Usually the 1/2 way won't work well if the mount is not very level.
In that case, you will get one axis affecting the other. Otherwise it
has always worked quite well for me (30+ times with my 1200). Of course
the OTA has to be close to orthogonal too.

-Ray


Ron Wodaski <ronw@...>
 

The 1200 is also just plain better for polar aligning than the 600 GTO
mount. There isn't much flexure in the 1200, while the 600 has enough to
cause some trouble during polar alignment. I suppose the flexure will depend
on the weight you've got on the mount. And I can't say that I've tested
orthogonality, though my refractor was best for polar aligning; the 9.25"
SCT was hopeless. <g>

Ron Wodaski
http://www.newastro.com

-----Original Message-----
From: Ray Gralak [mailto:ray@...]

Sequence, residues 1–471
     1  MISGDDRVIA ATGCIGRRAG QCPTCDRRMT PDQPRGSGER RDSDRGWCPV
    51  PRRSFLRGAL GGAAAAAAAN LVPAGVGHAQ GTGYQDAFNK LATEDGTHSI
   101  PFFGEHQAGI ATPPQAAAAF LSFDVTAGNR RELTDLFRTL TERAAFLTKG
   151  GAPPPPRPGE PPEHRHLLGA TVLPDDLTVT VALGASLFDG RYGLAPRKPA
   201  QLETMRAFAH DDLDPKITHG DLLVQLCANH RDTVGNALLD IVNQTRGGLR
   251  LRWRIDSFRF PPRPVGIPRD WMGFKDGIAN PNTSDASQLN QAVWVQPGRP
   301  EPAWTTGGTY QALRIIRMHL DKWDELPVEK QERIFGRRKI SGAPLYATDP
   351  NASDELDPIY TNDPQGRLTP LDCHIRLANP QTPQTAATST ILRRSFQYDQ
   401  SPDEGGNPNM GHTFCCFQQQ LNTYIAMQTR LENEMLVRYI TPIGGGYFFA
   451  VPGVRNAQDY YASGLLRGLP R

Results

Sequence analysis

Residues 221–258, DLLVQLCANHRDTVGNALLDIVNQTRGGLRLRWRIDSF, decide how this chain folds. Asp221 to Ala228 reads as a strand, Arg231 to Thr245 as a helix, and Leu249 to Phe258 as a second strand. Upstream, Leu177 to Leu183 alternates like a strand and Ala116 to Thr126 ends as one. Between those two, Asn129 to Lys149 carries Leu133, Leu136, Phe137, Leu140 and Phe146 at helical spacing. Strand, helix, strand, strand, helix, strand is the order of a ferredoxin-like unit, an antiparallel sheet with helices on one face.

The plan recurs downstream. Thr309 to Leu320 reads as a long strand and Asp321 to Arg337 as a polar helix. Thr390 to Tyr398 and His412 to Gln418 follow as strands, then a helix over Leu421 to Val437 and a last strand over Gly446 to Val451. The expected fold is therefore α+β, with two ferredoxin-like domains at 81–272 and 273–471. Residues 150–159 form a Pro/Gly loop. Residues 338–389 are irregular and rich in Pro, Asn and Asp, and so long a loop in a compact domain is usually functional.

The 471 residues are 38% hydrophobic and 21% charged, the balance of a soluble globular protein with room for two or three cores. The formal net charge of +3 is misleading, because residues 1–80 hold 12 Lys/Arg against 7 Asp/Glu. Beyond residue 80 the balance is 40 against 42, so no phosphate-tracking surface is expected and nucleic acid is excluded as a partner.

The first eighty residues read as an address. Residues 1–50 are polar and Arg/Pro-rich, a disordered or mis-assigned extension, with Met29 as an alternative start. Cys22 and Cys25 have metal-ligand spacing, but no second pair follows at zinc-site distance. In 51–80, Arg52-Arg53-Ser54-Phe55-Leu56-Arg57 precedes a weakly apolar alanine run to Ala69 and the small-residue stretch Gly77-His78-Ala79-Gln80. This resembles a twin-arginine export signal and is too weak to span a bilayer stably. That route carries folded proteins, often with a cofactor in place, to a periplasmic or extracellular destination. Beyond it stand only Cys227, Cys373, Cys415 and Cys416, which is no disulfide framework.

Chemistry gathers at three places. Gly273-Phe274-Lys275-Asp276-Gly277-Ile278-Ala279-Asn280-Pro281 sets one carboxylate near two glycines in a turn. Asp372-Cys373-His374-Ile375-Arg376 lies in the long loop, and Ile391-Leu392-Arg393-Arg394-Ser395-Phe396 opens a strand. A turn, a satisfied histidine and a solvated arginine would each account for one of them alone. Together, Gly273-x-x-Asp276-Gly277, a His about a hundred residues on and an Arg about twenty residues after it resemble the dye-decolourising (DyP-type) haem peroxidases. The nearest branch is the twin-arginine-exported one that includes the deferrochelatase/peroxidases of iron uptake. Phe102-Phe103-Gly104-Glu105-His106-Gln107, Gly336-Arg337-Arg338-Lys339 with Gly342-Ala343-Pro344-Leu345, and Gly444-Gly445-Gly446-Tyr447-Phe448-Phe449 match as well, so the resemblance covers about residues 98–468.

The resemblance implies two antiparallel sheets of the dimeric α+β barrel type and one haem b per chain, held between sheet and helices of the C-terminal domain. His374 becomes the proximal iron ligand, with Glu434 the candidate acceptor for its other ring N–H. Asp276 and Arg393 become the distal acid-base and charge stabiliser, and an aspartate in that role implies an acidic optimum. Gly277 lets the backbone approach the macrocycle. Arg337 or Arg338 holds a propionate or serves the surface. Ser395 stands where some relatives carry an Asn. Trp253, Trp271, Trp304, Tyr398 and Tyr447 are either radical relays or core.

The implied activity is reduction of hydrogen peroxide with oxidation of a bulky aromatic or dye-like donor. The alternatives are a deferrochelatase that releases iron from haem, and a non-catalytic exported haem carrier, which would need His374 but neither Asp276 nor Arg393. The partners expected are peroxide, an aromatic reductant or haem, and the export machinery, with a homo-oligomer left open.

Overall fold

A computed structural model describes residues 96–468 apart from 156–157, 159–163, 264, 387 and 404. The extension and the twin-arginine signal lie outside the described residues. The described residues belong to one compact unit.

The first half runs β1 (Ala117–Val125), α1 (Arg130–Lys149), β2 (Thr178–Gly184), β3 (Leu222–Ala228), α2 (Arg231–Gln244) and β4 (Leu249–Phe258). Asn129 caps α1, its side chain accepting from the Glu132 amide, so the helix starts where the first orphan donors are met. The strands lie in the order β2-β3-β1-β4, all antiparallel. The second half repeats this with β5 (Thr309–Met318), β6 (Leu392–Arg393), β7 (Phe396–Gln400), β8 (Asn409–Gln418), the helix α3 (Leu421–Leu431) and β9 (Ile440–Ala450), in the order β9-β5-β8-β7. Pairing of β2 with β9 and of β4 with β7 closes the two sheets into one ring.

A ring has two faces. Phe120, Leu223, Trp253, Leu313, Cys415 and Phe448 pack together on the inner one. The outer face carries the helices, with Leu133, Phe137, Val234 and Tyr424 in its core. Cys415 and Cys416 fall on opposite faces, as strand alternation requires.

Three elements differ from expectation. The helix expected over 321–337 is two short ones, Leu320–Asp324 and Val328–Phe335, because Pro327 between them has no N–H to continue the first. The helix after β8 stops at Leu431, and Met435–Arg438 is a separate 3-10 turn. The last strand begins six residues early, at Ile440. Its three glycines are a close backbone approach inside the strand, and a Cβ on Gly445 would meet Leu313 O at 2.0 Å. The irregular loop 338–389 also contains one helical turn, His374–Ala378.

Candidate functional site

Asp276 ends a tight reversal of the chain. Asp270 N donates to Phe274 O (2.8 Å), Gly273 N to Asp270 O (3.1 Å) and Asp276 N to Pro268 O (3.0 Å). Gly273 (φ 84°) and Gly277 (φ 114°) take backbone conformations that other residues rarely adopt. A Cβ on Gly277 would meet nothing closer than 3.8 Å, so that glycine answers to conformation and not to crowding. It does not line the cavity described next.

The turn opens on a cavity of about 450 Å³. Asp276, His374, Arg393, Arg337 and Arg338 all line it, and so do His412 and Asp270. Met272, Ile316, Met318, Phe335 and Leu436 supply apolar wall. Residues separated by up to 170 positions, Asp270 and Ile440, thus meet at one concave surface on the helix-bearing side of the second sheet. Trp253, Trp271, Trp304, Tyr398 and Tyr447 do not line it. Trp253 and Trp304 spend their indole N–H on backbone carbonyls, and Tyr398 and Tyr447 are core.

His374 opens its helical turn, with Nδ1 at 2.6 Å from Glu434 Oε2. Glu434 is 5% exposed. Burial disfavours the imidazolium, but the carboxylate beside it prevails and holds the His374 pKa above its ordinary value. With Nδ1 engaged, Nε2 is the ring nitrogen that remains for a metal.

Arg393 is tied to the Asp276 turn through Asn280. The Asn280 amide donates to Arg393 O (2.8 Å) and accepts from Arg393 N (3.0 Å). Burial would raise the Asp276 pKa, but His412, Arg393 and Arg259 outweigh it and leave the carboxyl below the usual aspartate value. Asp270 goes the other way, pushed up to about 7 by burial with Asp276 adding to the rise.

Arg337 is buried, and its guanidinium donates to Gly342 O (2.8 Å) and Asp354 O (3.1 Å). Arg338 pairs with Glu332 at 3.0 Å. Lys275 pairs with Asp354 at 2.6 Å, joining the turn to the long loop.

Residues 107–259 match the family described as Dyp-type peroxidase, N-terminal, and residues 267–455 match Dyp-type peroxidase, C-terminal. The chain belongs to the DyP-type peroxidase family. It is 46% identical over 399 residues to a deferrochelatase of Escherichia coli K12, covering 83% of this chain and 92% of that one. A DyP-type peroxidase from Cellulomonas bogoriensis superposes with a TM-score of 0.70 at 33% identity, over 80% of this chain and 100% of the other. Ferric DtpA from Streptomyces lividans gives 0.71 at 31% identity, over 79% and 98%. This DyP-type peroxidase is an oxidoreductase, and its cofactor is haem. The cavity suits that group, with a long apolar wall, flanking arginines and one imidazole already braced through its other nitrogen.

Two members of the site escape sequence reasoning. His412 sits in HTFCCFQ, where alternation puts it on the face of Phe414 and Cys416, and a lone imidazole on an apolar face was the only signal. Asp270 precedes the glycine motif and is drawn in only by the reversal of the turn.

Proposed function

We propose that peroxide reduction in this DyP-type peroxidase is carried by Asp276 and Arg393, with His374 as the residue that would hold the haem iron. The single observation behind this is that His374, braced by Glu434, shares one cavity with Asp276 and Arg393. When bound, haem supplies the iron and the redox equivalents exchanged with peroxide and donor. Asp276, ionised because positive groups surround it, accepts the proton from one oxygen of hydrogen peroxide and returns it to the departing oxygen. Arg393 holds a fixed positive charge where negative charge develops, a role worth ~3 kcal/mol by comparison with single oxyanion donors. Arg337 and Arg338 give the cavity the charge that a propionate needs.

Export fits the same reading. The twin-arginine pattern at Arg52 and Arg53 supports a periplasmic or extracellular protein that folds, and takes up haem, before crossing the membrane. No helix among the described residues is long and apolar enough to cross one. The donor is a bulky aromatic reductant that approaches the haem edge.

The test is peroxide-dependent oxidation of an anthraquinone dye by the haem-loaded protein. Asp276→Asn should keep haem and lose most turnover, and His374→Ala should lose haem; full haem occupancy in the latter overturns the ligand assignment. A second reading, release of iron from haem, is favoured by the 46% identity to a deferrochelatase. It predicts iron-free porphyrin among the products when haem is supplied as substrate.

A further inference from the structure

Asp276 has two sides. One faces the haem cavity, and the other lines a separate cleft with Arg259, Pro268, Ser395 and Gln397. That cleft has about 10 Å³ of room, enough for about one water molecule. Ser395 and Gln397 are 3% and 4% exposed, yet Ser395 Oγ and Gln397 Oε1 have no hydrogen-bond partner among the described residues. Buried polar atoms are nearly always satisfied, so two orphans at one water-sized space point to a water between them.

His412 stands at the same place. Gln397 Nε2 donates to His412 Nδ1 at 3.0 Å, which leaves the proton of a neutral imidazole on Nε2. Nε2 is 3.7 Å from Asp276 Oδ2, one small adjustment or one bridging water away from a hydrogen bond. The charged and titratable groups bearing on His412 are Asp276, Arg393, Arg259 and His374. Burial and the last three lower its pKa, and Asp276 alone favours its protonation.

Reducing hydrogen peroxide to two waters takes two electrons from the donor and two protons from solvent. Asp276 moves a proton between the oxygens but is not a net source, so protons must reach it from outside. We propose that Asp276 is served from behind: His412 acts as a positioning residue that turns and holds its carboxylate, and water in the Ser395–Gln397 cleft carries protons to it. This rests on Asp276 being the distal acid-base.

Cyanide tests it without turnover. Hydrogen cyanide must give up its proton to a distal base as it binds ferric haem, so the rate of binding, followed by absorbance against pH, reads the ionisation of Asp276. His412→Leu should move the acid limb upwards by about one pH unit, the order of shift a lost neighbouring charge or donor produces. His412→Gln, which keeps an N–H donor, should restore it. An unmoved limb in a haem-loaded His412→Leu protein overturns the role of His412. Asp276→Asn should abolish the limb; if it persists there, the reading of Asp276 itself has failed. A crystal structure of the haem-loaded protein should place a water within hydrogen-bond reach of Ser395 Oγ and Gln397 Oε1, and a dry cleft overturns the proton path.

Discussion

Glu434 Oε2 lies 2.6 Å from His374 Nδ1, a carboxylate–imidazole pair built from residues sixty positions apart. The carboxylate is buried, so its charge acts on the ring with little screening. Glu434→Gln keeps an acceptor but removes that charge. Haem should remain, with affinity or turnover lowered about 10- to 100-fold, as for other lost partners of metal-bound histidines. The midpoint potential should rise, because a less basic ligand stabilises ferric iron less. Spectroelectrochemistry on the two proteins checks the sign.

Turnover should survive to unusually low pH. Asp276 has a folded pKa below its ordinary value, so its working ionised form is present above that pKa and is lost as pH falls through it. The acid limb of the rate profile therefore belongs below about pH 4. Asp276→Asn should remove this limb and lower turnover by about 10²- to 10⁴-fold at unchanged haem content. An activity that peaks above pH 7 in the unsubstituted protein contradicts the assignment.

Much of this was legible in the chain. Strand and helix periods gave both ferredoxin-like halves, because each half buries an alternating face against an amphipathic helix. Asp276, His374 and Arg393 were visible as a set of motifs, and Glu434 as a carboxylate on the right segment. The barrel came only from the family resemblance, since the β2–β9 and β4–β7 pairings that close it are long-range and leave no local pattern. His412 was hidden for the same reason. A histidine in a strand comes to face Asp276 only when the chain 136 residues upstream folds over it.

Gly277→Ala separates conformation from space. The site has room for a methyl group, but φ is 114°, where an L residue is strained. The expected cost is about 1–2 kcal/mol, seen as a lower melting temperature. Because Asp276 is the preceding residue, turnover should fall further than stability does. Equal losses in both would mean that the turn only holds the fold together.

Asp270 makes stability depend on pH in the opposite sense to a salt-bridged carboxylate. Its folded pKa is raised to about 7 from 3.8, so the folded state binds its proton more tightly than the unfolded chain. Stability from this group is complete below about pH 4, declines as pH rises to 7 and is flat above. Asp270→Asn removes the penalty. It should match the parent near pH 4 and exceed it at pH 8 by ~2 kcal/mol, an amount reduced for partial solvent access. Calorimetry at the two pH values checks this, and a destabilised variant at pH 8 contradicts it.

Sent: Monday, July 03, 2000 11:00 AM
To: ap-gto@...
Subject: RE: [ap-gto] 400 GTO First report


Hi Ron,

Usually the 1/2 way won't work well if the mount is not very level.
In that case, you will get one axis affecting the other. Otherwise it
has always worked quite well for me (30+ times with my 1200). Of course
the OTA has to be close to orthogonal too.

-Ray

-----Original Message-----
From: Ron Wodaski [mailto:ronw@...]
Sent: Monday, July 03, 2000 10:49 AM
To: ap-gto@...
Subject: RE: [ap-gto] 400 GTO First report


It's not always the case that half-way will work for you, and I wondered
why. I have a theory, of course <g>.

The basis of my theory is this (untested) assumption, but I think it's
true:
because the two coordinate systems (alt-az and equatorial) are oriented so
differently, making a change to a single axis (alt or az) can affect
position in the other coordinate system along two axes (RA and Dec).

For example, if one axis (alt or az) is very close to correct, and the
other
is not, you should avoid making changes to the one that is close to
correct,
and concentrate on getting the other one close to correct, too. I haven't
had to do this kind of polar alignment for several months, so my
experience
isn't fresh. I'm currently using a polar scope on an NJP 160, although I
have a 400 GTO coming and will have to re-learn these skills.